Innovative desktop device that combines air curtains and UV-C disinfection technologies to prevent short-range virus transmission

Since the beginning of the pandemic, we have seen how dividers and security divisions have been put in place in all kinds of places, apart from the obligation to wear masks, to guarantee safety in situations where a close contact between people is necessary. However, despite their effectiveness, these measures have significant drawbacks that make their use in healthcare settings impractical in many cases.

A team of researchers, combining medical and technical technologies Nagoya University developed a desk-sized air curtain device equipped with LEDs to irradiate the virus with ultraviolet light, allowing people to safely interact in the nearby environment.

“Although acrylic sheets have been widely used as spacers, our air curtains not only block, but also inactivate viruses. This device makes this type of screen obsolete, and we hope that its use will become widespread, ” Professor Tomomi Uchiyama, one of the study’s authors, explains.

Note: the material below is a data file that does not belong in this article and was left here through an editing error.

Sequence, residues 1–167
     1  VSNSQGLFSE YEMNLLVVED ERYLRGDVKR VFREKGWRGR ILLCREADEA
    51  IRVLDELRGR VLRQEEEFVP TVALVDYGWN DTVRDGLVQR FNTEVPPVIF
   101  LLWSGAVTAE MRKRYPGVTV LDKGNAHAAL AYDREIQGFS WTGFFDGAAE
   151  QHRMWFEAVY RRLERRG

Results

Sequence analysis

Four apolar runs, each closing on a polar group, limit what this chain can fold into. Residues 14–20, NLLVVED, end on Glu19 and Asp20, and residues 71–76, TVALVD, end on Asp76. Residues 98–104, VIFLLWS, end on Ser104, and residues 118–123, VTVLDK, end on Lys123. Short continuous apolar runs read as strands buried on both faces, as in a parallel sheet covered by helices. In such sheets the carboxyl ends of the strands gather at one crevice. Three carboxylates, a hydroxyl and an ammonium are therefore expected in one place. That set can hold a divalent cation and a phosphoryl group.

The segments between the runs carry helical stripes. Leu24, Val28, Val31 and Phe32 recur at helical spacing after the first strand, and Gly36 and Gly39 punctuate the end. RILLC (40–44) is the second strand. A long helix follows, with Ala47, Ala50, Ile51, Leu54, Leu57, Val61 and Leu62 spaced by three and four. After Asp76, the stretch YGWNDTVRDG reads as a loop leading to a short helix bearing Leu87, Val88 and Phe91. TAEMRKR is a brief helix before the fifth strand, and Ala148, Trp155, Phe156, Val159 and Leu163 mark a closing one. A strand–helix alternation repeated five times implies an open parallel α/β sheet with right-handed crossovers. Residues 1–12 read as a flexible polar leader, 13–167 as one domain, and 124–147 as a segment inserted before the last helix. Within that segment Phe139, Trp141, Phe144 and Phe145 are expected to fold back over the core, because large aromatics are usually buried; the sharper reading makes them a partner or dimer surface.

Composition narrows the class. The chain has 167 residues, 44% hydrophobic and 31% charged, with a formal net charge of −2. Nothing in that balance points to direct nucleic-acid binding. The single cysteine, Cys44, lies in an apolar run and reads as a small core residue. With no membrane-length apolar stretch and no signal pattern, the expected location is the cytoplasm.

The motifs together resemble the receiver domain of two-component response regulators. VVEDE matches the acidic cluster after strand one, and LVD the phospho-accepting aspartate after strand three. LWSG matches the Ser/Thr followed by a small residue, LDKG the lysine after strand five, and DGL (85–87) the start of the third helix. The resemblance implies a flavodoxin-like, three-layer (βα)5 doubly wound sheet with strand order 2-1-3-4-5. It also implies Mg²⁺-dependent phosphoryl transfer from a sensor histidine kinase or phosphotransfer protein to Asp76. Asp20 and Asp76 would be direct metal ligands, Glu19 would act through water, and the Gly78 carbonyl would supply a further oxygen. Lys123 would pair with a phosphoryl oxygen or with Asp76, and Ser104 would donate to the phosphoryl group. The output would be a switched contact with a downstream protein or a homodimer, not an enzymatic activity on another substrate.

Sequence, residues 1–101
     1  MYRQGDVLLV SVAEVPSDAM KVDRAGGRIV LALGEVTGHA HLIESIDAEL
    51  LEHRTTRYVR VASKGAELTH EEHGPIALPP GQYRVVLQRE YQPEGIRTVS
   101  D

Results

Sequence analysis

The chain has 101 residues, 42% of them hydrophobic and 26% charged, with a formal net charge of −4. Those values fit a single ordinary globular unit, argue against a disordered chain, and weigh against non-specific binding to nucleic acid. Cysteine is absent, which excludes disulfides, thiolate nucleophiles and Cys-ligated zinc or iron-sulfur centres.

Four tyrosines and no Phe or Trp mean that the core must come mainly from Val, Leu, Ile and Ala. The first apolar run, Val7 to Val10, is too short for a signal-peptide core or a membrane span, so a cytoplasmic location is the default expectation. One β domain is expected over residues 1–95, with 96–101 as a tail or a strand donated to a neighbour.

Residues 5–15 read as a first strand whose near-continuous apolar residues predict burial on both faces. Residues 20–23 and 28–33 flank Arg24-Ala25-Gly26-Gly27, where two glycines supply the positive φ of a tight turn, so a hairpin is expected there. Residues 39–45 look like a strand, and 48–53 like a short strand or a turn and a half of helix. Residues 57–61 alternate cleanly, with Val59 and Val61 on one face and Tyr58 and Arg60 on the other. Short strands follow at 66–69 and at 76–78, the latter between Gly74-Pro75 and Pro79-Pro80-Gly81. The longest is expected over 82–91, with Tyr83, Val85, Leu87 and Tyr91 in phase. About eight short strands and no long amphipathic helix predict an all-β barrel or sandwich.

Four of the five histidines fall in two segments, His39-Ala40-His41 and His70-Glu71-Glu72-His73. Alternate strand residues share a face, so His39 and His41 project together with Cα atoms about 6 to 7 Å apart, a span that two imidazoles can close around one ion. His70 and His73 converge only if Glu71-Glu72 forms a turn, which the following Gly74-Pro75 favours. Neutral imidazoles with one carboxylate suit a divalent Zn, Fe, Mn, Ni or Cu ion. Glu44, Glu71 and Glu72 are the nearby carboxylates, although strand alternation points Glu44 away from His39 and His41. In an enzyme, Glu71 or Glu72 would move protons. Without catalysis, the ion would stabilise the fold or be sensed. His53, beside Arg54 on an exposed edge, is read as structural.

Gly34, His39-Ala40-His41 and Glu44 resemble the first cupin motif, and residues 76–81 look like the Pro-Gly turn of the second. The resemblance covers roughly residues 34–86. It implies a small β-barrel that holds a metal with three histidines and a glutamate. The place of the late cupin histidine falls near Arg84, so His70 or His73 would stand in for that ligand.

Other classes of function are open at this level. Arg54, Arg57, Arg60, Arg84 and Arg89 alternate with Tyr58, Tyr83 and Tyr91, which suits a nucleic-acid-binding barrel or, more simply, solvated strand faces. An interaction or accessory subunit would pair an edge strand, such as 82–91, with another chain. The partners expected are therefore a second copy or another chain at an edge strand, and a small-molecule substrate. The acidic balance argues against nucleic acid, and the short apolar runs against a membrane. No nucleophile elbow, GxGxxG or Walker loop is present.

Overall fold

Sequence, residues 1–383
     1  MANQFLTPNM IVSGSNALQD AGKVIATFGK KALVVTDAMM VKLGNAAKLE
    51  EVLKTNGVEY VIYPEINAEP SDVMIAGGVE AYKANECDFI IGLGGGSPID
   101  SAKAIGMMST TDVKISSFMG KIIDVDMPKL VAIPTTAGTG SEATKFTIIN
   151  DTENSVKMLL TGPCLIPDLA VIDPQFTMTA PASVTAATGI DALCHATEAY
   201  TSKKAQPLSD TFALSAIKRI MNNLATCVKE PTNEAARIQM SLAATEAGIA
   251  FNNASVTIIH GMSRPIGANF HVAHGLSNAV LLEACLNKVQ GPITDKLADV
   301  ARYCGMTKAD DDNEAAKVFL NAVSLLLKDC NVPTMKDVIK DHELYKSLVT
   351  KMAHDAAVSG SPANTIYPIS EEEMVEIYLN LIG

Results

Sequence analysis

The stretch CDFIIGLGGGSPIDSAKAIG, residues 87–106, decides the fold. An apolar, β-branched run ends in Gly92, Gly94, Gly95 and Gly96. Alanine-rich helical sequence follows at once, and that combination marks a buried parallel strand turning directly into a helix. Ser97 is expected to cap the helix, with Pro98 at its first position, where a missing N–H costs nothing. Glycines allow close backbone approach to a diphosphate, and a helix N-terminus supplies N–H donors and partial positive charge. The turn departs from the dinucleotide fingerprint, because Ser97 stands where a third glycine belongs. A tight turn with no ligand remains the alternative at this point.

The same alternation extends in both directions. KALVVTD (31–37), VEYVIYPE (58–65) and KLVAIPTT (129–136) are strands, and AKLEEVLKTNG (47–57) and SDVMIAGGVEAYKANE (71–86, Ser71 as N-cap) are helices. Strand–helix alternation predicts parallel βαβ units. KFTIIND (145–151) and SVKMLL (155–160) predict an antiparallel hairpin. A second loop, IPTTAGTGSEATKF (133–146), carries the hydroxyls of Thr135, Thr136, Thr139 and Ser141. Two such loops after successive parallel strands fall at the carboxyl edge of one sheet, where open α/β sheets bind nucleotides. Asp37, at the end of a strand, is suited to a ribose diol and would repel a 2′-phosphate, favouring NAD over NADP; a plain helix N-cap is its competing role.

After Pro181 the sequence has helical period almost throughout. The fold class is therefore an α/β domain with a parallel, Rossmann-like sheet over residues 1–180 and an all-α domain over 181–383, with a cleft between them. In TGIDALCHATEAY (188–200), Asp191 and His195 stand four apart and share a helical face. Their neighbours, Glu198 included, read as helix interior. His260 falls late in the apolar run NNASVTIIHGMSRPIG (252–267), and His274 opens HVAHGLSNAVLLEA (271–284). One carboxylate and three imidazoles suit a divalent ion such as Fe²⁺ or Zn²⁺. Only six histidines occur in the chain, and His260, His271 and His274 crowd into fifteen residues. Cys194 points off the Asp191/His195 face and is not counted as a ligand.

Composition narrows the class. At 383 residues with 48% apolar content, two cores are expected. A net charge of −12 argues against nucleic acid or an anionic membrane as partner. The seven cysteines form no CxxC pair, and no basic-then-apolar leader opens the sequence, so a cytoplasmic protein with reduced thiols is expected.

new technology, whose results have been published in AIP Advances, Combines two methods of fighting the virus. First, an air curtain blocks air even when you pass your hand over it. Second, ultraviolet radiation destroys the outer envelope of virus particles. Tests conducted in his laboratory showed that this combination of technologies inactivated 99.9% of COVID-19 particles.

To test the technology, researchers They simulated a typical medical action, such as a blood test, where doctor and patient must necessarily be very close.They tested the device by blowing aerosol air on it, such as the number of viruses that spread. They then tested whether a patient could pass their hand through the air curtain without interrupting airflow or making the device less secure. They found that the effectiveness of the air curtain was maintained under both conditions.

The new device also solves the problem of air curtains which require replacement of filters and regular maintenance to eliminate the accumulation of dust and dirt. VSSince the device uses an LED light instead of a filter, it is low maintenance. The researchers found that it could be used continuously until the LED stopped working, which is over 10,000 hours of continuous use. In addition, it is quiet, which will allow it to be used in commercial environments such as restaurants, offices and reception areas, where the noise from the air filter will be a distraction.

The development of the device is the result of a collaboration between Professor Uchiyama of Nagoya University’s Institute of Materials and Systems for Sustainability (IMASS) and Nobel Laureate Professor Hiroshi Amano, and Professor Tetsuya Yagi of Nagoya University. Superior School of Medicine.

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